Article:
C: What’s the opportunity for brands and travel data?
JH: Using cross-device and real-time data, travel brands can target their potential customers at any point during their travel purchase journey. Today it is no longer about what screen (smart phone, tablet, desktop, etc) to target but how to reach the right person, at the right point in the purchase funnel, regardless of what screen he or she is on.
Travel data also provides insight into factors such as family groups, levels of disposable income and whether travel is for leisure or business. This helps travel brands to spot patterns such as regular family holidays.
In addition, travel purchases are often clustered as consumers buy a plane ticket, hotel room and sight-seeing activities. This allows travel brands to identify customers’ usual complementary purchases and target them with offers aligned to these preferences. This approach both maximises the likelihood of purchase and makes the consumer travel experience more efficient and comfortable.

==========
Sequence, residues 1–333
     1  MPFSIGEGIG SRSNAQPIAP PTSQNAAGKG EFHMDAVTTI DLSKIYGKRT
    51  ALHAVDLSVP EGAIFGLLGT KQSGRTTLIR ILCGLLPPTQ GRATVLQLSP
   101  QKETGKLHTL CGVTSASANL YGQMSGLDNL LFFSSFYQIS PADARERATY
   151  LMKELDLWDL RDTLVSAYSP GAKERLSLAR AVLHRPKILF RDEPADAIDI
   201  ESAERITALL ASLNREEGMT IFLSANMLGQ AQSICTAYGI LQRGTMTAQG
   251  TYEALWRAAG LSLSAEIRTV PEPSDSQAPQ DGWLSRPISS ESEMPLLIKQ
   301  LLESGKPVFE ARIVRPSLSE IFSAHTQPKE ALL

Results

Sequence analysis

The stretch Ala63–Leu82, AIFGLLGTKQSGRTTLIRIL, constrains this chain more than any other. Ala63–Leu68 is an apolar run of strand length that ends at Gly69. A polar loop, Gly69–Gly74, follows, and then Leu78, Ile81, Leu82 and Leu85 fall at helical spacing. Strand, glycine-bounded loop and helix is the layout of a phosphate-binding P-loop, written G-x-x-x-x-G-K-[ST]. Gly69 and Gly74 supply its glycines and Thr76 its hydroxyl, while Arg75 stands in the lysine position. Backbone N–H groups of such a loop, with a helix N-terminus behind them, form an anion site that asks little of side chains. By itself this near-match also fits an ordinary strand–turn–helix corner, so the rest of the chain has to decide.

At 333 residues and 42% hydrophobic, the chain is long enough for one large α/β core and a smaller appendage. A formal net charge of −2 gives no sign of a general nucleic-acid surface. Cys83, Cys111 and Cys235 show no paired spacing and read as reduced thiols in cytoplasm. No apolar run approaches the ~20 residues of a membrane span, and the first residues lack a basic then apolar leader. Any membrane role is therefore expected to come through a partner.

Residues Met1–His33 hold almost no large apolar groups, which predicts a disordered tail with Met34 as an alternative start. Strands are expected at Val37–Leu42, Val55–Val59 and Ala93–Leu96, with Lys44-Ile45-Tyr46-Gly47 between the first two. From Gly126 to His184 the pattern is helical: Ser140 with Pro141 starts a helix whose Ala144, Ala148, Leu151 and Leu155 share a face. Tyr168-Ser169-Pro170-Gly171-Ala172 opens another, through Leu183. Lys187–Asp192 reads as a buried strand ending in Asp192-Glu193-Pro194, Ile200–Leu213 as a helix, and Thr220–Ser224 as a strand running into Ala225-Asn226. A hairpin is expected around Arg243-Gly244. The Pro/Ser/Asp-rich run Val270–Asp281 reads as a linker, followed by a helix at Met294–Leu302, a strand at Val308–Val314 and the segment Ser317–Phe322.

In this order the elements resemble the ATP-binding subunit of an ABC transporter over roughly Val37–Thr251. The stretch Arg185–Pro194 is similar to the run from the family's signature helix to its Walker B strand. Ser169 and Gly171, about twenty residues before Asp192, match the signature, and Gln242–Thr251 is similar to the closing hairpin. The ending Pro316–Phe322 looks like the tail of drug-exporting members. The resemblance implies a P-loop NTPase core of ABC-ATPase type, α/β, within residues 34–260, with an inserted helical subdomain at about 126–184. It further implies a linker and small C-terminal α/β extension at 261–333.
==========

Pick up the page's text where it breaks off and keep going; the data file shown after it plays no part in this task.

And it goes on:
C: How does Asia compare to other markets in this space?
JH: Industry specialism is a relatively new approach in the market as there are very few companies who hold such a large number of direct relationships and consequently, offer first party data.
We have seen with well-known global brands and more recently, regional Southeast Asian airlines that our approach has brought confidence to the region and other prospects are now much more open to accepting a new, more specialised approach to advertising.
What are the big trends you are seeing in the region?